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The Spark Of Life:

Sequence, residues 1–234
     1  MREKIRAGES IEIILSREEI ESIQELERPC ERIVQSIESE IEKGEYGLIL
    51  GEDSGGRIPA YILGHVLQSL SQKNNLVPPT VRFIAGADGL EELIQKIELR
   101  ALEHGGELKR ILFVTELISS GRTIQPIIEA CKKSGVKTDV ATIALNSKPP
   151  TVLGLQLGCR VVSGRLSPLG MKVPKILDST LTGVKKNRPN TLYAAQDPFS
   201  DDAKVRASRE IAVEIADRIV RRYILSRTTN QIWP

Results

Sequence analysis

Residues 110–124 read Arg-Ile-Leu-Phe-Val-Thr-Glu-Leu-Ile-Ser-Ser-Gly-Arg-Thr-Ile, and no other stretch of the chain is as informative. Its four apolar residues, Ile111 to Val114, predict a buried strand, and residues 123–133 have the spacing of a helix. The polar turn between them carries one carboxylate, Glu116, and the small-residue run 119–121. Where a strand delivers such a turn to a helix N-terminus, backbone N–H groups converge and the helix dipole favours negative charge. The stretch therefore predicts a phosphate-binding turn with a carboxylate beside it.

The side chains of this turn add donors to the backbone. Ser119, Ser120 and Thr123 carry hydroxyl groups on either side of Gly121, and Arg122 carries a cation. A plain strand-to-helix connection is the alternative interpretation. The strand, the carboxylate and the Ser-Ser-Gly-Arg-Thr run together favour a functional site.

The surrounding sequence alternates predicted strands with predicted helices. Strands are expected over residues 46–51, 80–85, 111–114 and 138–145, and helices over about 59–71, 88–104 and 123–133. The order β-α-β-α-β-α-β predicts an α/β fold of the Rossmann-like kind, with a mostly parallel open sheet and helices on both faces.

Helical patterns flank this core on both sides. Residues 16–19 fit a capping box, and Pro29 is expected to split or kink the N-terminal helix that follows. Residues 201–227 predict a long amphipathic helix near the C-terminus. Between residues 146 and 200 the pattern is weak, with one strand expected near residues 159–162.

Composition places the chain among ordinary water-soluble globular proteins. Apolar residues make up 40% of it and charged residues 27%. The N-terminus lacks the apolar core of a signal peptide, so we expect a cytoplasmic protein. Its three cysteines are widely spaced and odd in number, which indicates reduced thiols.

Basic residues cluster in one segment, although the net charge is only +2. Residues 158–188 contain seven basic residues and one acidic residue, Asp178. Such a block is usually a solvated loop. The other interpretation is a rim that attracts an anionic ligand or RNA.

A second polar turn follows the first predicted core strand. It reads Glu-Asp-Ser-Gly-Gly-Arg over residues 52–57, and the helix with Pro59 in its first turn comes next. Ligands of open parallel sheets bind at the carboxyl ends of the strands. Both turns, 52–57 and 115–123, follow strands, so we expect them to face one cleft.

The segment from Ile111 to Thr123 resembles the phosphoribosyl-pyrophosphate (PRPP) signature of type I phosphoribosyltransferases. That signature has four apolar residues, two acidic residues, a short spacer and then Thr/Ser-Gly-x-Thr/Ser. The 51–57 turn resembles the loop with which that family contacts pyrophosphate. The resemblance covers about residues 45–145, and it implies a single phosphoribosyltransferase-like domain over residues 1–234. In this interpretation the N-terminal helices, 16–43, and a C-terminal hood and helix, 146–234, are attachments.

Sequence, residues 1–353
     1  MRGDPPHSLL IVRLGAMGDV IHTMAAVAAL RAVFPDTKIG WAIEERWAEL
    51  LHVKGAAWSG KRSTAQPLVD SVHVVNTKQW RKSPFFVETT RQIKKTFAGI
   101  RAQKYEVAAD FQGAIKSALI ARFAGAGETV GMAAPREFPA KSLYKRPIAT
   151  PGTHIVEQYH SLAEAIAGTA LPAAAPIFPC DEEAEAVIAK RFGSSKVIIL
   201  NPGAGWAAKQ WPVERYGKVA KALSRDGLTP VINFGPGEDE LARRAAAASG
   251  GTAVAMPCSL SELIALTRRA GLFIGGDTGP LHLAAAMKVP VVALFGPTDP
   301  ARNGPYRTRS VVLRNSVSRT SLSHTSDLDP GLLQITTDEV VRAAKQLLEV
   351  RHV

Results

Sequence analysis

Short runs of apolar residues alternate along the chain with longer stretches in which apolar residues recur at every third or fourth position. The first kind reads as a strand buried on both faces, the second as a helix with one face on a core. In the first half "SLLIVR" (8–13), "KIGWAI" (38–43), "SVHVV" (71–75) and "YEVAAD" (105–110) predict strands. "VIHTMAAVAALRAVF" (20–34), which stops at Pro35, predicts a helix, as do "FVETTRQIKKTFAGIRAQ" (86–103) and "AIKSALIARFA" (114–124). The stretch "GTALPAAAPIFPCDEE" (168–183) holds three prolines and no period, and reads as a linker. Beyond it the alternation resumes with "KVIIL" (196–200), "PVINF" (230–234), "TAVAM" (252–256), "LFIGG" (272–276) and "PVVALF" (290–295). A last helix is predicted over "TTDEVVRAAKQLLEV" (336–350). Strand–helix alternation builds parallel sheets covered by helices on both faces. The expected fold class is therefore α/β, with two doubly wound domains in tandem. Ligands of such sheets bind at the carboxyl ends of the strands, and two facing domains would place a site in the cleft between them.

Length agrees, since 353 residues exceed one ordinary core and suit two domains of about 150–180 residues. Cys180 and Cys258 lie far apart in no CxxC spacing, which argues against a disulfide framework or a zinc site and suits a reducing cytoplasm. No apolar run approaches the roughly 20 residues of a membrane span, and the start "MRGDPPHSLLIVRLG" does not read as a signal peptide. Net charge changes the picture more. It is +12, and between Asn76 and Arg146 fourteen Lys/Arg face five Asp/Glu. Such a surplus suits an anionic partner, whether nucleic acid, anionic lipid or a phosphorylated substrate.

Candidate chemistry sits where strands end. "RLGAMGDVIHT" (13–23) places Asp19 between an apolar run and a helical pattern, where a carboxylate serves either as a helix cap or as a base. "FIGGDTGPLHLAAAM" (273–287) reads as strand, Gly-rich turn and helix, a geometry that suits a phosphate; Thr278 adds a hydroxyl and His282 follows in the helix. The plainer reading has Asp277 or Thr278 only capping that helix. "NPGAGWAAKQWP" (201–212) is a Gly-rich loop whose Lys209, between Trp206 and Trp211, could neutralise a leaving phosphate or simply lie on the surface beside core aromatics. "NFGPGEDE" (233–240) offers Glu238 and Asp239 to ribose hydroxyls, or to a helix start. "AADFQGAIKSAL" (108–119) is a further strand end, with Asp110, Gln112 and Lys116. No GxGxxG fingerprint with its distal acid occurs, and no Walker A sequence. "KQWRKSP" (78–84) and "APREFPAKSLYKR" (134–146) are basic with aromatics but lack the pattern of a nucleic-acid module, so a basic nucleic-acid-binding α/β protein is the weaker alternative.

How did life begin on earth? Has life evolved on planets other than our own? These questions have occupied scientists and philosophers for hundreds of years, even costing the lives of those, such as Giordano Bruno, who ventured unpopular answers. The penalties for guessing are less severe today, and scientists Christopher Wills and Jeffrey Bada have a fine time examining the possibilities. Some scholars posit that life first emerged far below the earth's surface, the product of anaerobic, fiery environments. Drawing on advances in catalytic chemistry, Wills and Bada suggest that far more happened on the earth's surface, where "protobionts," floating like oil slicks on a primordial ocean studded with hydrothermal vents, formed a "prebiotic soup"--one that lacked RNA, the supposed building block of life. The evidence for this is conjectural, of course: as Wills and Bada cheerfully admit, "all the primitive organisms ... have inconveniently gone extinct", and reconstructing the pre-RNA world "would require either the discovery of such organisms preserved today in some unusual ecological niche, or else a daunting amount of guesswork". The quest for that "unusual ecological niche" is ongoing, with exploration now focused on a group of freshwater lakes that are trapped beneath the ice of Antarctica. The techniques that American and Russian scientific expeditions have developed to examine those lakes will be applied one day to Europa and other extraterrestrial bodies, where, Wills and Bada believe, evidence of other forms of early life will turn up. --Gregory McNamee [via]